In much smaller numbers, testing companies licensed by the state are finding unacceptable levels of pesticides, solvents and bacteria, including E. coli and salmonella, according to data provided to The Associated Press by the state Bureau of Cannabis Control.

Read the rest of this story on DenverPost.com.


Nearly 20 percent of marijuana products in California have failed tests for potency and purity since the state started requiring the checks on July 1, a failure rate some in the industry say has more to do with unrealistic standards and technical glitches than protecting consumer safety.
The post California pot products seeing big safety testing failure rate appeared first on The Cannabist. […]

Marijuana industry donating to Lujan Grisham’s campaign

Campaign finance filings released Monday night show several contributions from the state’s burgeoning medical cannabis sector to the congresswoman and candidate for governor since July 1, totaling more than $20,000.

Contributors include the Verdes Foundation nonprofit dispensary, Reynold Greenleaf & Associates cannabis industry consultants and medical cannabis home deliverer MJ Express-O.

Lujan Grisham was in charge of the New Mexico Health Department when the state’s medical marijuana program began and has expressed support for approving recreational marijuana with adequate health and safety requirements.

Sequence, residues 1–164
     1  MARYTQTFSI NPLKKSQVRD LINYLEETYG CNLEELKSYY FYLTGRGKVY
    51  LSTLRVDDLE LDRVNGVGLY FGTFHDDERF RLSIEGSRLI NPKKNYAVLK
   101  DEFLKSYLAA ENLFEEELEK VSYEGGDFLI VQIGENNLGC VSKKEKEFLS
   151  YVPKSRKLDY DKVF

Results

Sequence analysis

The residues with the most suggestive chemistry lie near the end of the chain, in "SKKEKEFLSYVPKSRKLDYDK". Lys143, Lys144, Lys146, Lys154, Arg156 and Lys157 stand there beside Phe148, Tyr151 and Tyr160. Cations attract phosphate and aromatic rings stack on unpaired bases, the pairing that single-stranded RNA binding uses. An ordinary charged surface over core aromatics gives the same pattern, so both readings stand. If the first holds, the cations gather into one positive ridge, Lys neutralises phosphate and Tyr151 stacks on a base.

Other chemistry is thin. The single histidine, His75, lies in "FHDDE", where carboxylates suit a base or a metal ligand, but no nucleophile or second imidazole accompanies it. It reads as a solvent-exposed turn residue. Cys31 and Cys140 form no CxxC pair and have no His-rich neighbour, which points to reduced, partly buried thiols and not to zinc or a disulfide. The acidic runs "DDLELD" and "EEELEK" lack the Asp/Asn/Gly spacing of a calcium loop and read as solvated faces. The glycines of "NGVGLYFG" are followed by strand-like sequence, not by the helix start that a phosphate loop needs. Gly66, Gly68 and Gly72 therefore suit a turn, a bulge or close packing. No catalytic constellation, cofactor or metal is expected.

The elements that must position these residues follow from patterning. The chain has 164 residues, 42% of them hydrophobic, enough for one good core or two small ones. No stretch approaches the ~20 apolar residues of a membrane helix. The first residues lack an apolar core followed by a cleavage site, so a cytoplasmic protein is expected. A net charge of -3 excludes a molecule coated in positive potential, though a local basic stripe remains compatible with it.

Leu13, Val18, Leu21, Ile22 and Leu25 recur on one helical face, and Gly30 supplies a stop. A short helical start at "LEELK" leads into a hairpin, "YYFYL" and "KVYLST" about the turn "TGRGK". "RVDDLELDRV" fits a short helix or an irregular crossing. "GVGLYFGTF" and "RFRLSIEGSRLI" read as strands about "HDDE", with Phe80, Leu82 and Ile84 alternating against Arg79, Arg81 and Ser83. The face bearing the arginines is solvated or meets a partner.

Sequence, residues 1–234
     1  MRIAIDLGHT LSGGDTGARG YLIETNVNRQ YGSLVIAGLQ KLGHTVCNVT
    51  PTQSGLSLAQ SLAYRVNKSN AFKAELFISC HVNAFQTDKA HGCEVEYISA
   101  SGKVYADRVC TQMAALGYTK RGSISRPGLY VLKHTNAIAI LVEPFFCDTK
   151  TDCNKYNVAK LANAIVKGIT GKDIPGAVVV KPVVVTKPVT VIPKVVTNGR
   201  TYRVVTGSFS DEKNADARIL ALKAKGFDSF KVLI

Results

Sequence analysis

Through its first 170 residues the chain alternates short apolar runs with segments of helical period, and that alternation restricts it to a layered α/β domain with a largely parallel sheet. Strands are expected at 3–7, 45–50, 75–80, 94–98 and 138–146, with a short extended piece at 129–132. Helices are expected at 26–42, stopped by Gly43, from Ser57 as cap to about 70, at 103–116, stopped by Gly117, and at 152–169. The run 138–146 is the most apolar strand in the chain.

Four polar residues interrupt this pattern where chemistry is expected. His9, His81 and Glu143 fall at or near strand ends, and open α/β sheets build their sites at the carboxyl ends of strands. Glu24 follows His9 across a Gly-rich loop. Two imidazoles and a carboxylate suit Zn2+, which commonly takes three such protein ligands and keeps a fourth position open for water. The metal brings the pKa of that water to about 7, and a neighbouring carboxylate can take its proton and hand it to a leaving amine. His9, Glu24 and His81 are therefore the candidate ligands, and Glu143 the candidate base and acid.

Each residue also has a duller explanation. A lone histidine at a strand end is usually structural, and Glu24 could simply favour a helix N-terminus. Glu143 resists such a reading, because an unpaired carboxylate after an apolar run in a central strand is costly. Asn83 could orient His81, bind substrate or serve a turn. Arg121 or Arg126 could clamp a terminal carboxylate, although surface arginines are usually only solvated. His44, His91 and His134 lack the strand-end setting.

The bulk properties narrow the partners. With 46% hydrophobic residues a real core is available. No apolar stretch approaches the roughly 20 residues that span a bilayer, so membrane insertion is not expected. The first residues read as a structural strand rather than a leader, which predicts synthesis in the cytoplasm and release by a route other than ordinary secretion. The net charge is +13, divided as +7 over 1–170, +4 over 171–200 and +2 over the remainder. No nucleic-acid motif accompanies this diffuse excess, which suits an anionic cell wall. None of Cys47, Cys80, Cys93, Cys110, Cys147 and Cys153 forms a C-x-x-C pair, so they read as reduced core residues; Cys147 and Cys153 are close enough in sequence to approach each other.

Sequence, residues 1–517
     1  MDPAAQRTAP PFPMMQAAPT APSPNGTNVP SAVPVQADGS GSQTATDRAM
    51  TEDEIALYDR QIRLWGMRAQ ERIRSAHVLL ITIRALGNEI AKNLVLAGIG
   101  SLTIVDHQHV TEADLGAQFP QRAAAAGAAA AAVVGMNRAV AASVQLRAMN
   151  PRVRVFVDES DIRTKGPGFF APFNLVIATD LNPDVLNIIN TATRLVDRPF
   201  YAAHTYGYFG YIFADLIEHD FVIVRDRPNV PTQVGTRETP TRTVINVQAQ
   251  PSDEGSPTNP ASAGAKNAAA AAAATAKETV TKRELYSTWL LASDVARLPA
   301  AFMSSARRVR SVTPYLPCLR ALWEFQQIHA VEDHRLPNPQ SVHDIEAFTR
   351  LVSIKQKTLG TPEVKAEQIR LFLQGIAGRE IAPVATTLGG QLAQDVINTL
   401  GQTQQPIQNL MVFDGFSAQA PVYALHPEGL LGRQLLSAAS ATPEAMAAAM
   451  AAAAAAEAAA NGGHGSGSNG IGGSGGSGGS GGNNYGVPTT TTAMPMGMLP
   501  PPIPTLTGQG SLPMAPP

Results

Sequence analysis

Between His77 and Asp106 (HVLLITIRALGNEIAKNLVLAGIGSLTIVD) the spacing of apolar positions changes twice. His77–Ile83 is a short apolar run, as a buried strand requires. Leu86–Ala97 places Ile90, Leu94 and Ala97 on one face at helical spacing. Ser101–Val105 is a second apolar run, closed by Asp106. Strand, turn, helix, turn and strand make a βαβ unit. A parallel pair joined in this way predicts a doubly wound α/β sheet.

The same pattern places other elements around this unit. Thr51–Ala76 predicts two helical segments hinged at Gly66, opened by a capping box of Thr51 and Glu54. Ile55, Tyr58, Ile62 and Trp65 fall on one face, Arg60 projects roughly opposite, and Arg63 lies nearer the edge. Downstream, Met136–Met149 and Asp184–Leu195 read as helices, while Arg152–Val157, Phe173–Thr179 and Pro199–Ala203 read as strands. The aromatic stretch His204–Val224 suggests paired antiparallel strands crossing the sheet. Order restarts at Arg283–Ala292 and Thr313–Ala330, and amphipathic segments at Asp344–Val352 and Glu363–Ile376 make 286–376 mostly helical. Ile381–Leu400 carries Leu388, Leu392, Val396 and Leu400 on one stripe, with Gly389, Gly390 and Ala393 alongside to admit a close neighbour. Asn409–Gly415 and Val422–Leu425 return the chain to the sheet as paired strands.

Pearce has expressed reservations about recreational marijuana as New Mexico wrestles with poverty and addiction to other drugs.

Marijuana industry donating to Lujan Grisham’s campaign KOBFull coverag […]

New Mexico Secretary of Health Again Refuses to Add Opioid Use Disorder to Medical Cannabis Qualifying Conditions

SANTA FE, NM — On Friday, September 7th, the New Mexico Department of Health announced that Secretary Lynn Gallagher would not allow people suffering from opioid use disorder (OUD) to qualify for medical cannabis in New Mexico.

This is the second time the Medical Advisory Board’s (MAB) recommendation to add opioid use disorder was denied; the first time was in 2017. That year the NM Legislature also voted to approve adding opioid use disorder as a qualifying condition for medical cannabis, and sent a bill (HB 527) to Governor Martinez in 2017, but the bill was vetoed.

The Secretary also declined to add several other medical conditions that the Board recommended from the November 2017 meeting including muscular dystrophy, substance use disorder, eczema and psoriasis and Tourette’s syndrome.

Medical Advisory Board members are nationally board certified medical doctors who are appointed by the Governor and lend their service in a voluntary capacity.